Beardsley, George Bostwick

It seems the only thing that shows the late Mr. Beardsley was ever in the Coast Guard comes from this "final entry" of the Dartmouth College Alumni listing.  A brief one or two sentences shows that Beardsley attended OCS and had orders to SEBAGO at Mobile. None of his obituary notices even mention that he served, so it's obvious he and his family felt his Coast Guard service wasn't even a footnote in his life. 

 

The following is the Dartmouth alumni listing: 

George B. Beardsley
Denver, CO
Date of Death: 08/08/2011
 
George Bostwick Beardsley passed away on August 8, 2011, after a months-long battle with cancer. At Dartmouth, George was a member of Theta Delta Chi, where he was Rushing Chairman, and the Dragon senior honorary society. He was a four-year member of the Newman Club and D.O.C. Growing up in Colorado Springs, Colorado, he applied his skiing skills on the Ski Team and the Ski Patrol. He received a master’s degree in city planning at the University of North Carolina, Charlotte, North Carolina.
 
After Dartmouth, George had a distinguished career in city planning and commercial development and land conservation. He was heavily involved in the development of Vail, Copper Mountain and Waterville Valley ski areas. Bill “Moose” Morton ’59 remembers George as “a remarkable man-someone of unusual breadth, depth and capabilities. He was a leader - a brilliant, strong, disciplined and creative force. He led and participated with contagious enthusiasm and a sharp sense of humor. It was a privilege to have been his friend, ski partner for over fifty years and his fraternity brother and classmate. 
 
Jerry Wunderlich ’59 attended George’s memorial service and wrote: “It was an emotionally and physically draining experience, but uplifting at the same time.” Paul Egner ‘59 served with George in their USCG OCS course and quotes from their OCS “yearbook:”: “Big George, the Most Outstanding Officer Candidate in the Company…will be going aboard the USCG cutter Sebago out of Mobile, Alabama.”
 
George was instrumental in the formation and governance in a long list of non-profit environmental, and quasi-government entities. His philanthropic efforts were wide and deep. A devoted advocate of environmental conservation and open space, George helped to found Great Outdoors Colorado Trust Fund, Colorado Conservation Trust,
and Colorado Open Lands. In 1998 Colorado Open Lands awarded him the Cranmer Award. The award is for an individual who distinguishes himself in open space preservation and gets things done through determination and force of personality. Colorado Open Lands is one representation of what George wanted for Colorado, where he was a fourth generation “Coloradoan”. The organization permanently protects over 225,000 acres of open space for all of us. The award is located at Cranmer Park, Lyons, Colorado and is placed next to a large sundial to symbolize “vision, courage and leadership.” George served on many Boards of Trustees and Directors ranging from academic institutions to art, civic and nature conservancy boards.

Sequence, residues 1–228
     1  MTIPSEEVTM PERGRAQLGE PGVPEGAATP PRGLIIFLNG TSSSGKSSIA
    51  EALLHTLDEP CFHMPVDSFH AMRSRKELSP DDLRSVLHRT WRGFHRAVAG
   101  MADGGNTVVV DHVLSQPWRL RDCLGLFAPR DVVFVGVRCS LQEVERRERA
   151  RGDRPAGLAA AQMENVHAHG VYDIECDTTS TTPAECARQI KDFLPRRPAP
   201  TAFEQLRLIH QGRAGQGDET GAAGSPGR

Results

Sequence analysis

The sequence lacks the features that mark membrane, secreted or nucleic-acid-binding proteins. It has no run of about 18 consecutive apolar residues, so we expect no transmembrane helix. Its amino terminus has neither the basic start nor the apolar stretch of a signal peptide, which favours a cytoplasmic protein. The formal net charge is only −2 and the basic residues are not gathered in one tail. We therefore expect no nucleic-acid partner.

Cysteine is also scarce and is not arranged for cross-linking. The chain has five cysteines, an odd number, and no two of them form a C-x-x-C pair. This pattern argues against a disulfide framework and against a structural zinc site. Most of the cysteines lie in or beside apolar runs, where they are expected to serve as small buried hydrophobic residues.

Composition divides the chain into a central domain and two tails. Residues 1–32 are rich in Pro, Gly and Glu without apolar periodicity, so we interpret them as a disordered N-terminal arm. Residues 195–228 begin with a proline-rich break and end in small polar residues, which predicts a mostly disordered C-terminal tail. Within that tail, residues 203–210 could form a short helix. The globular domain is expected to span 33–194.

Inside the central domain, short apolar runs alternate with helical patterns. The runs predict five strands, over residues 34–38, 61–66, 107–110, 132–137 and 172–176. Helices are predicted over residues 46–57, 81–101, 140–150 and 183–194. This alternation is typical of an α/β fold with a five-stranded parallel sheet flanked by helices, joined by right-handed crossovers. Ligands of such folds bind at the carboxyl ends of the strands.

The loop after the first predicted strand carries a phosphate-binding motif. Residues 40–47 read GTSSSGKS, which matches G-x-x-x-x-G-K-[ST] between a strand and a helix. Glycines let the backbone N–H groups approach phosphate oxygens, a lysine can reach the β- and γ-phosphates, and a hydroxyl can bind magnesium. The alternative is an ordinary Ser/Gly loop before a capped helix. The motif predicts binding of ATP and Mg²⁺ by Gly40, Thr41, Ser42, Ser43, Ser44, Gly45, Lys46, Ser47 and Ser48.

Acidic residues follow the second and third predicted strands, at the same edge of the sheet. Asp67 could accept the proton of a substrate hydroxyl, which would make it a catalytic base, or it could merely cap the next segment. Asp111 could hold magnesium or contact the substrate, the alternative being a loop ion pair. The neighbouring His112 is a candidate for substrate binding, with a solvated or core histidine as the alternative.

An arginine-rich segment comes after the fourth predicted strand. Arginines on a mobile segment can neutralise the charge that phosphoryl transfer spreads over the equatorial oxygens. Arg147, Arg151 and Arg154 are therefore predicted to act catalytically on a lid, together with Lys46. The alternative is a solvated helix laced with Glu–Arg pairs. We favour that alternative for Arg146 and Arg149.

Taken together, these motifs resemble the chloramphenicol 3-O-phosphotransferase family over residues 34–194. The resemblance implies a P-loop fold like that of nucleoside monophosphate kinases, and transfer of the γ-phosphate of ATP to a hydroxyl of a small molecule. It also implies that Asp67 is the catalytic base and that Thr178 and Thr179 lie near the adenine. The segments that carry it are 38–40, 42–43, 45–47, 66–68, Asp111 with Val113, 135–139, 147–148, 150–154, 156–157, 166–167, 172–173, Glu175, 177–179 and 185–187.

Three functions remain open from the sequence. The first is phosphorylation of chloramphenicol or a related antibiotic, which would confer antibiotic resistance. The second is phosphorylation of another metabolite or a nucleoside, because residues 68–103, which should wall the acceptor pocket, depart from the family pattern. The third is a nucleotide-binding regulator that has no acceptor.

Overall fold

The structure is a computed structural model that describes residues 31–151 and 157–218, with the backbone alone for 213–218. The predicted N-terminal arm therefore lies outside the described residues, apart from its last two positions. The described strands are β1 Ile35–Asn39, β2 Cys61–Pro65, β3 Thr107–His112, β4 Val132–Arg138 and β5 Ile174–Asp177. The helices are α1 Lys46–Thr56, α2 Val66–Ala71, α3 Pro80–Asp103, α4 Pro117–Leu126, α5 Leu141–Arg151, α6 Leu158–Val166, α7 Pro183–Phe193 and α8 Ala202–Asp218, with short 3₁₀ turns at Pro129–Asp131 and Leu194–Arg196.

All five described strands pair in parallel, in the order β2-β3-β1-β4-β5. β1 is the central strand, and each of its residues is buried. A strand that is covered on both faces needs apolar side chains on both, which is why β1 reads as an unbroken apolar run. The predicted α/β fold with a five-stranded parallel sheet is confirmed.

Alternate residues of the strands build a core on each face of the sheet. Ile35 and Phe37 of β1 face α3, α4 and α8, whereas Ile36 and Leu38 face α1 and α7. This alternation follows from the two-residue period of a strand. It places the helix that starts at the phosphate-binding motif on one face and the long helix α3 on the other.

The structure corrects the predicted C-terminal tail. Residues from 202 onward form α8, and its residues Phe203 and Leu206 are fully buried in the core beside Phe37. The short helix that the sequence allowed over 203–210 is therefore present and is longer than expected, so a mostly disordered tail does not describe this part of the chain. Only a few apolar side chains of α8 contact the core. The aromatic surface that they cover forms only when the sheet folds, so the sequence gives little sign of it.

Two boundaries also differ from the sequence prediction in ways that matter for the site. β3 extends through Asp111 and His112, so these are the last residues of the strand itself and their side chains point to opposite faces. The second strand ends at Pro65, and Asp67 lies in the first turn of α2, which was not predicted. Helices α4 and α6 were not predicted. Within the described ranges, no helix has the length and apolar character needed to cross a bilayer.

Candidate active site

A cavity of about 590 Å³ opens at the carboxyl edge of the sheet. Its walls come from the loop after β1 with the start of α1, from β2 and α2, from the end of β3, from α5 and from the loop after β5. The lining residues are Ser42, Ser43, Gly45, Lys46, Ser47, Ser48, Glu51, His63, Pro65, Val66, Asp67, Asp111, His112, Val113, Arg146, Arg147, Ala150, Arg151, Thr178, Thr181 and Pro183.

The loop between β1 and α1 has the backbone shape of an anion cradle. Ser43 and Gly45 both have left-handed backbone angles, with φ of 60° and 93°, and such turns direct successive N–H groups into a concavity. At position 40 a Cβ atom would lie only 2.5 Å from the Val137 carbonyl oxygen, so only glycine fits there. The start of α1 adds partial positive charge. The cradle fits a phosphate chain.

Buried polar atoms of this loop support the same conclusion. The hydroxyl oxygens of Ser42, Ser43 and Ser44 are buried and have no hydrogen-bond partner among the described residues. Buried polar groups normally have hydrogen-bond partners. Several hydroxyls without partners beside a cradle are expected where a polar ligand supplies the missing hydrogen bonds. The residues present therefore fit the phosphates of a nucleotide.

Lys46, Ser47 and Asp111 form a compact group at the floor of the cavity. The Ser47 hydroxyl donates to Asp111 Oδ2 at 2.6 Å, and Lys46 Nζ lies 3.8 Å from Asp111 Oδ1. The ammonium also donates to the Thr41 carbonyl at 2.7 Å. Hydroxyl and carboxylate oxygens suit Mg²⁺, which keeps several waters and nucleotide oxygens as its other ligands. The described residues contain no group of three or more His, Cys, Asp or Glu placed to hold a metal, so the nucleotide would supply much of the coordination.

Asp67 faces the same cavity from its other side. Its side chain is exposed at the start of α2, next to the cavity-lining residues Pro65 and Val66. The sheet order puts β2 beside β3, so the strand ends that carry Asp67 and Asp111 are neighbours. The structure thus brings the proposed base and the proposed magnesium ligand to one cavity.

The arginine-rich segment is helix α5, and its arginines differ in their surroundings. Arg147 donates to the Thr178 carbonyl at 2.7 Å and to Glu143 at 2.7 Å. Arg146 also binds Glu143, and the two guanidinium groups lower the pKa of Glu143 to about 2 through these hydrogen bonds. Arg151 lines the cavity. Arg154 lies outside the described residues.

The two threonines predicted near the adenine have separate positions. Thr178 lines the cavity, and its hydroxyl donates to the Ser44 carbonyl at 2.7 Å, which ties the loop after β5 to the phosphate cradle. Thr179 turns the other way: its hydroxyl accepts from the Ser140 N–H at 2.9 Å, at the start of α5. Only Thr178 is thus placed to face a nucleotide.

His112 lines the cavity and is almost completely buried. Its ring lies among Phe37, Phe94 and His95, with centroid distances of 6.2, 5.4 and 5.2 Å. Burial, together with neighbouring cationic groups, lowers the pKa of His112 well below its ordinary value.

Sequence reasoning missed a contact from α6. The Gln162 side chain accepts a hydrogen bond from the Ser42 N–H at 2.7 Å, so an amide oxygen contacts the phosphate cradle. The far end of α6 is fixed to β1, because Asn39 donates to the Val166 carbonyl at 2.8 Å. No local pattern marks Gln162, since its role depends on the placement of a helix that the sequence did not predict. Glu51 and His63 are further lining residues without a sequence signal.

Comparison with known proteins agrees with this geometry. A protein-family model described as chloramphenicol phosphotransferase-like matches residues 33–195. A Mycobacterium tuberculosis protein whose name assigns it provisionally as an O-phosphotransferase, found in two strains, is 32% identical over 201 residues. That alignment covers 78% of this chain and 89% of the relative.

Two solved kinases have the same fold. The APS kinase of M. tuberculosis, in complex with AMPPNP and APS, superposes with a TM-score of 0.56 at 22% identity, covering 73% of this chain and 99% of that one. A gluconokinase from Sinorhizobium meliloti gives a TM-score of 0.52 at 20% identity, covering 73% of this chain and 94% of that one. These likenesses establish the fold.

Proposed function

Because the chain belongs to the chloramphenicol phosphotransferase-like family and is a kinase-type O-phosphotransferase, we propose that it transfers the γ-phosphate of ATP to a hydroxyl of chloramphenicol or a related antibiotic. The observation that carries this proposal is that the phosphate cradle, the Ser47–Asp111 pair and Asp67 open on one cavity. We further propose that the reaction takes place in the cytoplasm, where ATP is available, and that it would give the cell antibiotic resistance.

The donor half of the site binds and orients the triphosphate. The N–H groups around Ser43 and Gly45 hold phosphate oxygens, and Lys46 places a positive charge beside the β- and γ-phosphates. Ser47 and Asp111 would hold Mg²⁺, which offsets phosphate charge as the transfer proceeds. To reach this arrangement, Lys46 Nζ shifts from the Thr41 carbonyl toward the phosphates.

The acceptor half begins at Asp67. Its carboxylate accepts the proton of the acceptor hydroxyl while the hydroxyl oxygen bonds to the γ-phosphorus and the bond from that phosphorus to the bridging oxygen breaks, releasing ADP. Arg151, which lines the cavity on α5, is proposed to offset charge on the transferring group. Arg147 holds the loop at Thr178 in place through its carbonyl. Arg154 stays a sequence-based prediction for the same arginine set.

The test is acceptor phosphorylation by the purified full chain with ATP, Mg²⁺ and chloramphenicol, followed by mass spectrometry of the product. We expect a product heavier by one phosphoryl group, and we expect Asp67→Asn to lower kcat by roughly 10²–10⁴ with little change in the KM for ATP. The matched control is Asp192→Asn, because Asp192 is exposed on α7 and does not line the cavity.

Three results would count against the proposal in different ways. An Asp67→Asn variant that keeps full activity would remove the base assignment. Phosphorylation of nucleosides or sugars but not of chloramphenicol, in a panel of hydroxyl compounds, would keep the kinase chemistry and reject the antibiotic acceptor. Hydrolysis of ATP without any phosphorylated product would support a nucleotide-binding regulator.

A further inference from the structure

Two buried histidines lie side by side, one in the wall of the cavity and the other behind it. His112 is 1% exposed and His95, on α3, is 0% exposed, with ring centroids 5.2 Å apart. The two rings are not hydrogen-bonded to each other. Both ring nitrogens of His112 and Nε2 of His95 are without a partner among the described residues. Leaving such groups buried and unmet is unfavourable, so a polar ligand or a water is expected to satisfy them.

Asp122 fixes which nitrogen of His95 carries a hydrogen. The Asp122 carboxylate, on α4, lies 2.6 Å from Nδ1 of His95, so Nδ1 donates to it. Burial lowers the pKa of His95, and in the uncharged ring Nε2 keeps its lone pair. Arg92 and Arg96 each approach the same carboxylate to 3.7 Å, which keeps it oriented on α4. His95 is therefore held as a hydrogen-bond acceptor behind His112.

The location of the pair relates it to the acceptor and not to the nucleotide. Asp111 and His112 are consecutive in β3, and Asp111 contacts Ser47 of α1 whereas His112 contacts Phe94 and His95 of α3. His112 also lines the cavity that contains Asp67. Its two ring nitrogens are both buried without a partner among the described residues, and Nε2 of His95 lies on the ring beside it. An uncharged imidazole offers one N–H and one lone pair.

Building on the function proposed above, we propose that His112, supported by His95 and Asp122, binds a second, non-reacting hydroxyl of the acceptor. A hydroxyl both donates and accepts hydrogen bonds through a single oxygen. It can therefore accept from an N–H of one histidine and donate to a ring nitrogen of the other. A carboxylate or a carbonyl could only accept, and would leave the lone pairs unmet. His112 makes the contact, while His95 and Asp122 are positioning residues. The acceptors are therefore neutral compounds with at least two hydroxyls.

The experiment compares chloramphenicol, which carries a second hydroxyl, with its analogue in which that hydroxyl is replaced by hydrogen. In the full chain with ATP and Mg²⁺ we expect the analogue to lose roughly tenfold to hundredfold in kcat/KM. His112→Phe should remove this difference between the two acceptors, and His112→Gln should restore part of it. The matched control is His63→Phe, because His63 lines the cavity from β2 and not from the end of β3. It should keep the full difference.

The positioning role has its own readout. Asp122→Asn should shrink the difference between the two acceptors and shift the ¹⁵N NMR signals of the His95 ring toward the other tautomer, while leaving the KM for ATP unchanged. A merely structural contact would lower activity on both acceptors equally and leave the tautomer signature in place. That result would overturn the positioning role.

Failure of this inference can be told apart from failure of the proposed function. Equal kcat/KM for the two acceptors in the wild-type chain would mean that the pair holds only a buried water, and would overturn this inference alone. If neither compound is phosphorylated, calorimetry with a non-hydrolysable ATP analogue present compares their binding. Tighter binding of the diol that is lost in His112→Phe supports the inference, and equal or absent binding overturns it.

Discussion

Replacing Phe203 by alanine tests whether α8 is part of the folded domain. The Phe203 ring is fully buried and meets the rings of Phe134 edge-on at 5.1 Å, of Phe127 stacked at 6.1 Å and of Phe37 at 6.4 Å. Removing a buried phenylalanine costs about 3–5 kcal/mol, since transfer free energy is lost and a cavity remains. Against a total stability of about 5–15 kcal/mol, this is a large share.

His wife, Pam, of 51 years, four children, and eight grandchildren, survive him.
 

His obituary as printed in the Denver Post: 

Beardsley, George 1937-2011

George Bostwick Beardsley, civic leader, rancher, environmentalist, and developer, died Monday, August 8, after a months-long battle with cancer. He had a distinguished and varied career in city planning and commercial development, and was instrumental in the formation and governance in a long list of non-profit, environmental, and quasi-government entities. George, a fourth generation Coloradan, he was raised in Colorado Springs, attended Cheyenne Mountain High School, Dartmouth College, and the University of North Carolina.

In 1959 he married Pamela Davis of Denver who remained his wife and partner for 51 years.

A devoted advocate of environmental conservation and open space Beardsley helped to found Great Outdoors Colorado Trust Fund (GOCO), Colorado Conservation Trust and Colorado Open Lands. In 1998 Colorado Open Lands awarded him the Cranmer Award. His philanthropic efforts wer wide and deep. He served on the governing boards of the Gates Family Foundation; the Center for the American West at the University of Colorado; the Colorado Forum; the Colorado State University Research Foundation; the Denver Art Museum; Denver Civic Ventures; Downtown Denver, Inc.; The Nature Conservancy of Colorado; Kent Denver School; and the Denver Water Board.

In addition to his wife Pam, he is survived by his brother and his sister, four children, and eight grandchildren.

A memorial service is scheduled for 10 a.m., Wednesday August 17, on the campus of Kent Denver School. The family has requested that, in lieu of flowers, donations be made in George's memory to the San Isabel Land Protection Trust, the effort to save Pi on Canyon, or The Denver Hospice.

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